AMOS Leverages $1.8M to Diversify & Retain Local Mental Health Workers
This week, Polk County Supervisors approved AMOS' proposal to invest $1.8 million in ARPA funds to diversify and retain mental health providers through a scholarship and loan forgiveness program. This win is the result of over 10 months of organizing work including:
- Hundreds of conversations in Mental Health Civic Academies that surfaced workforce needs, including to fully staff the Children's Mental Health Crisis system AMOS worked so hard to secure
- A 'Mental Health Provider Summit' in December to understand providers' specific workforce needs and barriers
- 100+ AMOS leaders contacting Polk County supervisors in support of AMOS' mental health workforce proposal
- 4 AMOS leaders testifying at a Polk County Supervisors meeting to share the need for this investment, particularly for refugee and immigrant communities
- AMOS representation at mental health task force meetings by a First Unitarian leader
AMOS leaders plan to continue to work with Polk County to ensure that the funds are administered to maximize accessibility and impact.
AMOS Leader Rev. Dr. Black Profiled for Legacy of Justice
The media ritual of the exit interview in which a journalist sits down for reflective conversation with a public figure leaving office or moving away shouldn't be confined only to elected officials or CEOs.Read more
AMOS Points out Local Progress on Juvenile Justice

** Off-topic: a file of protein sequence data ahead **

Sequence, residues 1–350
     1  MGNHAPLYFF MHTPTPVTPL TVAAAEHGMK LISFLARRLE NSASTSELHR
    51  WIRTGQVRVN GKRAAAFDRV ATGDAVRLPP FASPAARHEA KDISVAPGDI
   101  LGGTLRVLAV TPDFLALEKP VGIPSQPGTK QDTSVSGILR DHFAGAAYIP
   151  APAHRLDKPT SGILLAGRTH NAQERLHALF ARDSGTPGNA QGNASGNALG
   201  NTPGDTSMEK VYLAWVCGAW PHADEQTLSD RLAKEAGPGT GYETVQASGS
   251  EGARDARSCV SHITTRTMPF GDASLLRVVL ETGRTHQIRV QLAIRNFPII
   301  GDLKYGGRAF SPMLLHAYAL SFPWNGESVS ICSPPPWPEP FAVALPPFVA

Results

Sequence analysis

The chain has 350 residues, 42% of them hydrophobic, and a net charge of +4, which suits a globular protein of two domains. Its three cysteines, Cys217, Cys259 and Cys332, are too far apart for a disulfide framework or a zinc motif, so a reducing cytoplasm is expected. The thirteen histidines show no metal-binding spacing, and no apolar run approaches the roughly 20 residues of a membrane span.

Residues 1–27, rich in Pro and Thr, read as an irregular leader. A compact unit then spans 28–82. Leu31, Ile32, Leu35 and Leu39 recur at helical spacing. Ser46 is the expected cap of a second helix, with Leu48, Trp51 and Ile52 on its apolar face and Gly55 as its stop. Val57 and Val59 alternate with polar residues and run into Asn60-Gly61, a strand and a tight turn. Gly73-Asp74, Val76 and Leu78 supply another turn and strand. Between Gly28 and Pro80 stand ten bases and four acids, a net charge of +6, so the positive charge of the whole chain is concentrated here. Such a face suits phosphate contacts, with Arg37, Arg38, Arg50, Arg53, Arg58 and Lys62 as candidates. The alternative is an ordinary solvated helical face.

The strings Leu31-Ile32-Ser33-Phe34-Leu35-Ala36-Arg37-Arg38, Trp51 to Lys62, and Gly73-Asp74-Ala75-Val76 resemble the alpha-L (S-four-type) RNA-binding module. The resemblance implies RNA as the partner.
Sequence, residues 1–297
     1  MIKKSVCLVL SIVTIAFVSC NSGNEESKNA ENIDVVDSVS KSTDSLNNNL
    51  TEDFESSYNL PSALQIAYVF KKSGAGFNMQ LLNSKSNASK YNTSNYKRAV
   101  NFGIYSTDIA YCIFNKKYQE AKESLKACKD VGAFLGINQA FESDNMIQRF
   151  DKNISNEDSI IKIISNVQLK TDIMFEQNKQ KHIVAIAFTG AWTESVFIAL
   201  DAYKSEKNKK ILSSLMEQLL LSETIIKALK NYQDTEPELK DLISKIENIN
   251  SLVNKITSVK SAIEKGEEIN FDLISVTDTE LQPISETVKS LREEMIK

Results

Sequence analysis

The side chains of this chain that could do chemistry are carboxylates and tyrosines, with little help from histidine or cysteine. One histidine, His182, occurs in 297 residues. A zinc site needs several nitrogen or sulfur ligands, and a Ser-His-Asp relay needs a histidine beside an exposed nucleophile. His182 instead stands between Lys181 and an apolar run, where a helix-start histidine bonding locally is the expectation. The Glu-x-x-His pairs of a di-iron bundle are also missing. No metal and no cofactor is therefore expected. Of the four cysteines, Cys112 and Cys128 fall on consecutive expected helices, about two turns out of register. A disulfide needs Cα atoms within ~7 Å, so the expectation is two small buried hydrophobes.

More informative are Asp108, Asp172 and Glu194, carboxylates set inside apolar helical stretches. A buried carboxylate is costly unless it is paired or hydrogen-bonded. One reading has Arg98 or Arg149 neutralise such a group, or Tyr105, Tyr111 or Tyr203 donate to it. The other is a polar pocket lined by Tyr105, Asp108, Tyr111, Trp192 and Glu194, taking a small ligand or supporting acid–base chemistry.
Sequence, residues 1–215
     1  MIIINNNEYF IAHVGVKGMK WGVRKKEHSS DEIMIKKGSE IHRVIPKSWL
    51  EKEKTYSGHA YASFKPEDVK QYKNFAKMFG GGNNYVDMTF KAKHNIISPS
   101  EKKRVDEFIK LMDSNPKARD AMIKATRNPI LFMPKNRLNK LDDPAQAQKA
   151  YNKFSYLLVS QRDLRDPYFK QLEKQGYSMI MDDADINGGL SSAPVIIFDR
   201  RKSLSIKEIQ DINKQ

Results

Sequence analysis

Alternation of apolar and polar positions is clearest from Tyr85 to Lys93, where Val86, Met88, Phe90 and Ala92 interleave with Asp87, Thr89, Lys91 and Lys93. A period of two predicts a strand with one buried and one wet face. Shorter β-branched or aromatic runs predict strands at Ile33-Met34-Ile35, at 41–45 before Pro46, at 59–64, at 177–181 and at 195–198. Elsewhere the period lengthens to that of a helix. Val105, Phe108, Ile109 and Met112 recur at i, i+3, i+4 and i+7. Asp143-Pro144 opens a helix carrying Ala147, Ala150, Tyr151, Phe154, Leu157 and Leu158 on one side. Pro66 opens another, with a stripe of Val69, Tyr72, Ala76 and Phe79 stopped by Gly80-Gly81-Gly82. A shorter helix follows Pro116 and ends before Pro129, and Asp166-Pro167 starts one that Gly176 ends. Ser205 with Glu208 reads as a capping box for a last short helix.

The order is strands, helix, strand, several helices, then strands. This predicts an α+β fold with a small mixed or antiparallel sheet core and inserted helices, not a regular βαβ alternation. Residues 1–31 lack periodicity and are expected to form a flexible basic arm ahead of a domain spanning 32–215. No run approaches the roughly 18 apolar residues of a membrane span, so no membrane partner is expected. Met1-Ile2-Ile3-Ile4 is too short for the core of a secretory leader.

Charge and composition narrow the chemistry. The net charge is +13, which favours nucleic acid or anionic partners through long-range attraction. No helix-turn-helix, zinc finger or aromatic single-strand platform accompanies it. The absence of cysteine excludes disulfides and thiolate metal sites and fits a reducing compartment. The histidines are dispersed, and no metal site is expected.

The Rev. Dr. Brigitte Black and Rev. Denny Coon pointed out that over a year ago they, as clergy leaders of AMOS, 'lamented the alarming increases in the filings of delinquency and detention holds on Polk County juvenile .... the disproportionate impact that was having on youth of color.' Their words triggered a firestorm of news stories, government studies and efforts to address root causes of the situation. AMOS clergy point out that amidst that firestorm, signs of hope emerged...
Polk County Makes Progress on Juvenile Justice, Des Moines Register
AMOS Backs Courthouse Plan at 'Restorative Justice' Meeting
After a year of observing juvenile judicial hearings at the Polk County Courthouse, and identifying a 767% increase in misdemeanor holds for African American youth, AMOS leaders identified several ways to better protect youthful offenders. 200 leaders strategized about desired reforms at their 'Restorative Justice' conference, and voted to support a Polk Courthouse renovation plan, which includes several of AMOS' ideas , and which would require passage of a bond proposal in early November. The proposed plans include space for pretrial conferences and mediation; a system to keep youthful offenders away from adult offenders; discreet spaces that keep youth out of the public eye when brought into the courtroom; and a setup allowing for juveniles to sit eye-to-eye with judges in the courtroom.